Faith to Sustain Us – Br. Michael Hardgrove
The gospel reading today reminds us that God’s plan is greater than our own, and that faith in our Messiah will sustain us. Peter’s understanding of Jesus’ role as Messiah is completely upended when Jesus tells of the suffering, rejection, and death that He must face in order to fulfill his mission. Peter understood the Messiah to be a great king, who would free the Israelites from Roman occupation, and usher in a golden age for his people. But God’s plan for Peter and his people would not include the things that Peter so desperately longed for, and yet, the message of our Gospel is the good news that that God’s plan for restoring a divided and broken world is far greater than we can imagine. Paradoxically, we sometimes need to let go of our previous understandings, resting in the hope that we are an intrinsic part of the unfolding of God’s kingdom.
As Christians we seek to understand who Jesus is, and to trust in His plan for us, even when it flies in the face of what we expect, or of what we want. We seek to understand in truth, and not only from our limited human perspective, so that we avoid the error of “setting our mind not on divine things but on human things,” as Jesus says when he rebukes Peter. This is not easy to digest, because it means that our faith alone is sometimes all that we have to sustain us, to guide us along the right path. A life of faith is a life of continual growth, but not necessarily in the way we want or expect. God’s way is greater than our own, and divine things will always be beyond our comprehension. We can’t truly know what God is up to in our lives, but that doesn’t mean that we can’t take part in the divine plan for the renewal of all of God’s creation.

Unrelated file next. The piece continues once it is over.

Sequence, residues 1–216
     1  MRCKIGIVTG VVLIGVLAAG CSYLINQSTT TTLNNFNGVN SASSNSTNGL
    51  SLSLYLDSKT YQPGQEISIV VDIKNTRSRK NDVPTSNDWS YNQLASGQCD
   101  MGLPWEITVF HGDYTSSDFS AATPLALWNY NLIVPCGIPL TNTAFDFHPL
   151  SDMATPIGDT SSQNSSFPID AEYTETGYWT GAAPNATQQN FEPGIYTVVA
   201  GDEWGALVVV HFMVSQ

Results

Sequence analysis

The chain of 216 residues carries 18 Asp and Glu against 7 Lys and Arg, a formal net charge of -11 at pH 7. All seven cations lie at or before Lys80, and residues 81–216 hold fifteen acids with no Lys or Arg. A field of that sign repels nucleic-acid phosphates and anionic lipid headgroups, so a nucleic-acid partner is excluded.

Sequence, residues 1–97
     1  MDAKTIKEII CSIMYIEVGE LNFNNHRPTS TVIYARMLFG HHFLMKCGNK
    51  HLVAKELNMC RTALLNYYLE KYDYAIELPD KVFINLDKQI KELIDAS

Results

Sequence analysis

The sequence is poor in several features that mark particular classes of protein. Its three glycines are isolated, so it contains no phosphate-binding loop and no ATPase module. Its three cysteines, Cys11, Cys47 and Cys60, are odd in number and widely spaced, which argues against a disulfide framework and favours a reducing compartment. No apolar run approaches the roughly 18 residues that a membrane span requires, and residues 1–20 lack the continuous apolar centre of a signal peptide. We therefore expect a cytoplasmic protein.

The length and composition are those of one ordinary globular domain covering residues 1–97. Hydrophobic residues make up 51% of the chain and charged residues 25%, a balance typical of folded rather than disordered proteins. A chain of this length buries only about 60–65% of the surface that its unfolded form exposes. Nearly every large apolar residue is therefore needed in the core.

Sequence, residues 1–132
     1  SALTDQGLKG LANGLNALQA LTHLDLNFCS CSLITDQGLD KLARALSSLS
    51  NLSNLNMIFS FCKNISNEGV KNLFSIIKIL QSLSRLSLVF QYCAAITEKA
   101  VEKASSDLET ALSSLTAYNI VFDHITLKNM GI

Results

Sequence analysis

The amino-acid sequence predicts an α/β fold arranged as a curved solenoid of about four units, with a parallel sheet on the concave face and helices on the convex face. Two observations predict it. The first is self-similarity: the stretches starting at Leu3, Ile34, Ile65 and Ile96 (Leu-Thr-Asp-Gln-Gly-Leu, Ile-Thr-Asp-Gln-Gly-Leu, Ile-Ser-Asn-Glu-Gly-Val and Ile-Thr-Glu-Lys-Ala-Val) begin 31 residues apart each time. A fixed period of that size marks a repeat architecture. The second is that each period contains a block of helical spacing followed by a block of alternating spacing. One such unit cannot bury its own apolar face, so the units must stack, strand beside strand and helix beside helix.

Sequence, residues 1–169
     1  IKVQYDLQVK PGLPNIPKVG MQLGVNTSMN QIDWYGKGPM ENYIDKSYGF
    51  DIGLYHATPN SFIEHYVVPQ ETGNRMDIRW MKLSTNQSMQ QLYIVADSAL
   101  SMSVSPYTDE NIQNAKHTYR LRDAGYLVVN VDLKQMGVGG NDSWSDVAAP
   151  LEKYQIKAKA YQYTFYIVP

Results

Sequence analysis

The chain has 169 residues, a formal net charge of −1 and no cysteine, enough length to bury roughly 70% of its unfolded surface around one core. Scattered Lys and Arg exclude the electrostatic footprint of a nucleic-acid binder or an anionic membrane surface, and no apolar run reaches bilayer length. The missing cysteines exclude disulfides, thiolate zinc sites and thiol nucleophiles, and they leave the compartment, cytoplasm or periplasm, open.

There is an incredible power and freedom that comes with our faith that Jesus Christ is the Messiah; it allows us to approach him in prayer with the assurance that our prayers are heard, and that we never struggle in vain. We so desperately long to do God’s will—and we so desperately long for God. Our desire to do God’s will is a sure sign that we are on the right track, even if we can’t figure out all the details. To trust Jesus, to know that God will never abandon us, to know that Christ’s plan for us is greater, better, fuller than our own; is essential to a life of faith. Like Peter, we don’t know exactly how God is using us to bring about His kingdom. And like Peter, Jesus will continually reveal himself to us in greater ways, if we are open to His message. We look to Jesus, and believe that our efforts are all done in the hope of His death and resurrection, born out of a mercy that is beyond our ability to fathom. We are the sacred children of God, and we put our hope in His son, the Messiah, the savior of the world.
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Dear Br. Michael, Thank you for not gendering God. Letting ‘God’ be greater than we can know. It fits so much better than a gendered God when in the news today they are describing new results from the James Webb telescope. describing things 13.67 billion light years ago contiguous with the big bang. It keeps God available to me. Thank you. margo